10. 10.0 10.1 10.2 10.3 10.4 10.5 Ankel-Simons F. (2007). Primate Anatomy: an introduction, (3rd edition), San Diego: Elsevier Academic Press.
  11. 11.0 11.1 11.2 Jolly CJ. (2007). "Baboons, mandrills, and mangabeys: afro-papionin socioecology in a phylogenetic perspective", In: Primates in perspective, Campbell CJ, Fuentes A, MacKinnon KC, Panger M, Bearder SK (eds), New York: Oxford U Pr. p 240-51.
  12. 12.0 12.1 12.2 12.3 12.4 12.5 Dunbar RIM. (1977). "Feeding ecology of gelada baboons: a preliminary report", In: Primate ecology: studies of feeding and ranging behaviour in lemurs, monkeys and apes, Clutton-Brock TH (ed), London: Academic Pr. p 251-73.
  13. 13.0 13.1 13.2 13.3 Iwamoto T, Dunbar RIM. (1983). "Thermoregulation, habitat quality and the behavioural ecology of gelada baboons", J Anim Ecol 52(2):357-66.
  14. Iwamoto, T. (1979). "Ecological and sociological studies of gelada baboons. Feeding ecology". Contributions to primatology. 16: 279–330. PMID 101341.<templatestyles src="Module:Citation/CS1/styles.css"></templatestyles>
  15. 15.0 15.1 Crook JH. (1966). "Gelada baboon herd structure and movement: a comparative report", Symp Zool Soc Lond 18:237-58.
  16. 16.0 16.1 16.2 16.3 16.4 Dunbar RIM. (1986). "The social ecology of gelada baboons", In: Ecological aspects of social evolution: birds and mammals, Rubenstein DI, Wrangham RW, (eds), Primceton (NJ):Princeton U Pr. p 332-51.
  17. Grüter CC, Zinner D. (2004). "Nested societies. Convergent adaptations of baboons and snub-nosed monkeys?" Prim Rep 70:1-98.
  18. 18.0 18.1 18.2 18.3 18.4 18.5 Dunbar, R.; Dunbar, P. (1975). "Social dynamics of gelada baboons". Contributions to primatology. 6: 1–157. PMID 808371.<templatestyles src="Module:Citation/CS1/styles.css"></templatestyles>
  19. 19.0 19.1 Dunbar, R. I. M. (1980). "Determinants and evolutionary consequences of dominance among female gelada baboons". Behavioral Ecology and Sociobiology. 7 (4): 253–265. doi:10.1007/BF00300665.<templatestyles src="Module:Citation/CS1/styles.css"></templatestyles>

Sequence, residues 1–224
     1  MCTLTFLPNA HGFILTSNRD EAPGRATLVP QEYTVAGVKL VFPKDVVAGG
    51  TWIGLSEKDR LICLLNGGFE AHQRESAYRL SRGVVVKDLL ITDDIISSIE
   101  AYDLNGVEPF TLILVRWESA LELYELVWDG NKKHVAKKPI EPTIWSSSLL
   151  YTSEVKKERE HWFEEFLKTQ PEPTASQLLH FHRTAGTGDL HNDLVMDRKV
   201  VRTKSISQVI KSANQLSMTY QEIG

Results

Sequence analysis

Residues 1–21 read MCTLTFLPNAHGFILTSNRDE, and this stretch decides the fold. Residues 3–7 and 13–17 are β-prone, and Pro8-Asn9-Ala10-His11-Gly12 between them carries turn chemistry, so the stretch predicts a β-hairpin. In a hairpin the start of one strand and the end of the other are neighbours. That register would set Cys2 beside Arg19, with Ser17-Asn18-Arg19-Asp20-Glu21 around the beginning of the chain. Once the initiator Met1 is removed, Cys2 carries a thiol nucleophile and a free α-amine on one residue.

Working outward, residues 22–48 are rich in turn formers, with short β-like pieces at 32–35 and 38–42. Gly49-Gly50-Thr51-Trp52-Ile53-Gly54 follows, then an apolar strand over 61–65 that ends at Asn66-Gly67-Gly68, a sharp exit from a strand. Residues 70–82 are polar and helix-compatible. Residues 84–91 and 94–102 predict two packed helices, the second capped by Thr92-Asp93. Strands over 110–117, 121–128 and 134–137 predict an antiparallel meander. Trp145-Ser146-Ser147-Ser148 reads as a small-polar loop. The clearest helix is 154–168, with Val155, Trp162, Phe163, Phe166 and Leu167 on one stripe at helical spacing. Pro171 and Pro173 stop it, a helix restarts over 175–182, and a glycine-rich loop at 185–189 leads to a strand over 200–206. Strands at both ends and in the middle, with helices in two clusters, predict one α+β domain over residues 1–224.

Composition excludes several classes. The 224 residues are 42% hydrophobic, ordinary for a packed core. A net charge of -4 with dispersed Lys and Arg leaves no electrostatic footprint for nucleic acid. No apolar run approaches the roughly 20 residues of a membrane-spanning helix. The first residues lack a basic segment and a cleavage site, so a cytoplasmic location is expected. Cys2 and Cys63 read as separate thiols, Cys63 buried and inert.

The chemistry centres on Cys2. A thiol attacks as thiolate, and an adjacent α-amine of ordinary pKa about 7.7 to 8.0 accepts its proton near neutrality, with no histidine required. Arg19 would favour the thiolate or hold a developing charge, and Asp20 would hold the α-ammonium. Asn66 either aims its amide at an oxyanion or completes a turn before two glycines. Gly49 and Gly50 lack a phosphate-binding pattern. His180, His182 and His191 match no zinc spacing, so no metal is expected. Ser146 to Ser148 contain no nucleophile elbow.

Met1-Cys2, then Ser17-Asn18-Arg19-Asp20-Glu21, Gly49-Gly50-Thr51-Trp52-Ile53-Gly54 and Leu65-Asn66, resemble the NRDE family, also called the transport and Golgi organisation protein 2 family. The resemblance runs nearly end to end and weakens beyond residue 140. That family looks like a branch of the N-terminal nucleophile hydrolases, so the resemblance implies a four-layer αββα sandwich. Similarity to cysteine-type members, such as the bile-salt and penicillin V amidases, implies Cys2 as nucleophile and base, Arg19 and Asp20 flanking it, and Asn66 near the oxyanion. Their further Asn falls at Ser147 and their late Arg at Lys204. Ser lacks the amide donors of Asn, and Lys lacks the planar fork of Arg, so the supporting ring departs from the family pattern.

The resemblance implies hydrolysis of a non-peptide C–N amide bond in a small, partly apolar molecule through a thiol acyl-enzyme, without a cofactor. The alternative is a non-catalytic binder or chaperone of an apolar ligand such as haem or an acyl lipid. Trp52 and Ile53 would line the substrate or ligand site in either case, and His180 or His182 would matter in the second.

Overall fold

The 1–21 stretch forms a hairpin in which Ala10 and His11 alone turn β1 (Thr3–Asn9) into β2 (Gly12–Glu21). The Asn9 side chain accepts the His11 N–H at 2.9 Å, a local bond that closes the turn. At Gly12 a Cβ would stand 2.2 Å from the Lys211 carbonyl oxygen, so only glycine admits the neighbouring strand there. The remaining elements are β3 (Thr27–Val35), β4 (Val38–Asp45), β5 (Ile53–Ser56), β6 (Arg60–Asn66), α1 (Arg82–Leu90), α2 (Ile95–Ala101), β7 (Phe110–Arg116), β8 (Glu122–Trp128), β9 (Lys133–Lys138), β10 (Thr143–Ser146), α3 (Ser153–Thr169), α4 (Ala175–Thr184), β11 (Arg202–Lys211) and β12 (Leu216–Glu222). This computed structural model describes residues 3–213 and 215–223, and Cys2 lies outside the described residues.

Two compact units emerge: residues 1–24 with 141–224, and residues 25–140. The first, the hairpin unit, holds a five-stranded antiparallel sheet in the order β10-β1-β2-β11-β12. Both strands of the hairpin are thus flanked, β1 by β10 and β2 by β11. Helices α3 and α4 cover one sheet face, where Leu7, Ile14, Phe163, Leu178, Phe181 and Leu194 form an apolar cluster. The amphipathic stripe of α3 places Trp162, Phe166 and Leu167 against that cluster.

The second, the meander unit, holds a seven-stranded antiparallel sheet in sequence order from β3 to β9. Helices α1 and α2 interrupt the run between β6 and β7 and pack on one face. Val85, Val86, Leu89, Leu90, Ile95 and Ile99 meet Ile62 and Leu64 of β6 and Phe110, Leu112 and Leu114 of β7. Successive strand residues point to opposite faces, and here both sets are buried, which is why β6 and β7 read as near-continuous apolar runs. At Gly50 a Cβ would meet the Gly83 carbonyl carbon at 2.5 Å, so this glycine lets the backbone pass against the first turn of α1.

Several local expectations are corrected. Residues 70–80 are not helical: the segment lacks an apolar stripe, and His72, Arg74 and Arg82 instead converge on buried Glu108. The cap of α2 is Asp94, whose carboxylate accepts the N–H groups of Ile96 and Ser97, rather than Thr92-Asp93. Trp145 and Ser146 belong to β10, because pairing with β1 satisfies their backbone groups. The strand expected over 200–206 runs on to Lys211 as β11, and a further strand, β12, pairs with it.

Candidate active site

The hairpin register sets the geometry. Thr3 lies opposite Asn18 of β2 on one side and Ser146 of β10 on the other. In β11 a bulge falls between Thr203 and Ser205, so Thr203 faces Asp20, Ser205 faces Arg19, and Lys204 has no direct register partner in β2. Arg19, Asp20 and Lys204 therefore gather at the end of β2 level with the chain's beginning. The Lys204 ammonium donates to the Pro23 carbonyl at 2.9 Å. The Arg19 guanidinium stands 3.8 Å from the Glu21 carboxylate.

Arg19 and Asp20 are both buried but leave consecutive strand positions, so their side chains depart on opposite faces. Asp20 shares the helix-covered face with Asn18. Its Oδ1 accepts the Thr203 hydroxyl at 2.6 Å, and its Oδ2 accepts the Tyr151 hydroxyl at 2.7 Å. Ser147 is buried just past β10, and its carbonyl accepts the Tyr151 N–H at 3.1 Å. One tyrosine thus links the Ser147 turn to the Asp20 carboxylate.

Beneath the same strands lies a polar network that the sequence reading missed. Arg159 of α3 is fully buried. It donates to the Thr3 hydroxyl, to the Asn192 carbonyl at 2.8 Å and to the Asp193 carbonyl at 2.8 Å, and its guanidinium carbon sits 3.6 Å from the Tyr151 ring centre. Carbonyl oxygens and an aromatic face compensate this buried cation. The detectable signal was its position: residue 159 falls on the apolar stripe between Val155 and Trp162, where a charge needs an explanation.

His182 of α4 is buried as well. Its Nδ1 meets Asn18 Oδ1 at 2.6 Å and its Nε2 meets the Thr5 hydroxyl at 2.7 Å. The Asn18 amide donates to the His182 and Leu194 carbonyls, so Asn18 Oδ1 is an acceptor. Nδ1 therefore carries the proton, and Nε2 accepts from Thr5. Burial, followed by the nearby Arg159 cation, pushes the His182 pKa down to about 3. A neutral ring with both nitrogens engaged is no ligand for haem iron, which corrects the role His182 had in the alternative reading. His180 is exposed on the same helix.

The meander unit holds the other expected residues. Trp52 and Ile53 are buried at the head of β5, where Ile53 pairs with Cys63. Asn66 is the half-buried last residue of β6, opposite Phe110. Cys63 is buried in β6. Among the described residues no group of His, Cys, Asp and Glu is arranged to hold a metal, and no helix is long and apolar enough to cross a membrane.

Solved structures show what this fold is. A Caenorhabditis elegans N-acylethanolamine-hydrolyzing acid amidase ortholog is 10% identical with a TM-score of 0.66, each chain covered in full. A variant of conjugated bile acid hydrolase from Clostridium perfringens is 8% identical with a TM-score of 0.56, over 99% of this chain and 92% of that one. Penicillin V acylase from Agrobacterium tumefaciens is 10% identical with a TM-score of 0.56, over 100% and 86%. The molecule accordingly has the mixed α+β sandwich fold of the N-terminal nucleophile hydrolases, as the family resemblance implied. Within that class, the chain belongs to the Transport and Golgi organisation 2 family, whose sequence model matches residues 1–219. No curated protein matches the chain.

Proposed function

20. 20.0 20.1 Ohsawa, H. (1979). "The local gelada population and environment of the Gich area". Contributions to primatology. 16: 3–45. PMID 101342.<templatestyles src="Module:Citation/CS1/styles.css"></templatestyles>
  21. 21.0 21.1 21.2 Dunbar, RIM. (1983). Structure of Gelada Baboon Reproductive Units III. The Males Relationship with his Females, Animal Behavior 31:565-575.
  22. 22.0 22.1 Dunbar, R. I. M. (1984). Reproductive decisions: an economic analysis of gelada baboon social strategies. Princeton, N.J: Princeton University Press. ISBN 0-691-08360-6.<templatestyles src="Module:Citation/CS1/styles.css"></templatestyles>
  23. Dr Aliza le Roux, Department of Zoology and Entomology, Qwa Qwa campus of UFS
  24. Dartmouth College."Wolves are better hunters when monkeys are around: An unexpected co-existence in the Ethiopian highlands." ScienceDaily., 22 June 2015. <>.
  25. 25.0 25.1 Bernstein, I. S. (1975). "Activity patterns in a gelada monkey group". Folia primatologica; international journal of primatology. 23 (1–2): 50–71. doi:10.1159/000155661. PMID 806510.<templatestyles src="Module:Citation/CS1/styles.css"></templatestyles>
  26. 26.0 26.1 26.2 26.3 26.4 Mori, U. (1979). "Ecological and sociological studies of gelada baboons. Reproductive behavior". Contributions to primatology. 16: 183–197. PMID 101336.<templatestyles src="Module:Citation/CS1/styles.css"></templatestyles>
  27. Dunbar, R. I. M.; Hannah-Stewart, L.; Dunbar, P. (2002). "Forage quality and the costs of lactation for female gelada baboons". Animal Behaviour. 64 (5): 801. doi:10.1006/anbe.2002.9972.<templatestyles src="Module:Citation/CS1/styles.css"></templatestyles>
  28. Leutenegger, W. (1973). "Maternal-fetal weight relationships in primates". Folia primatologica; international journal of primatology. 20 (4): 280–293. doi:10.1159/000155580. PMID 4208250.<templatestyles src="Module:Citation/CS1/styles.css"></templatestyles>
  29. Barrett, L.; Dunbar, R. I. M.; Dunbar, P. (1995). "Mother-infant contact as contingent behaviour in gelada baboons". Animal Behaviour. 49 (3): 805. doi:10.1016/0003-3472(95)80211-8.<templatestyles src="Module:Citation/CS1/styles.css"></templatestyles>
  30. "Gelada". National Geographic Society. Retrieved 7 March 2012.<templatestyles src="Module:Citation/CS1/styles.css"></templatestyles>
  31. Kawai, M. (1979). "Ecological and sociological studies of gelada baboons. Auditory communication and social relations". Contributions to primatology. 16: 219–241. PMID 101338.<templatestyles src="Module:Citation/CS1/styles.css"></templatestyles>
  32. Richman, Bruce (1976). "Some vocal distinctive features used by gelada monkeys". Journal of the Acoustical Society of America. 60 (3): 718–724. Bibcode:1976ASAJ...60..718R. doi:10.1121/1.381144. PMID 824335.<templatestyles src="Module:Citation/CS1/styles.css"></templatestyles>
  33. Mori, U. (1979). "Ecological and sociological studies of gelada baboons. Individual relationships within a unit". Contributions to primatology. 16: 93–124. PMID 101345.<templatestyles src="Module:Citation/CS1/styles.css"></templatestyles>

External links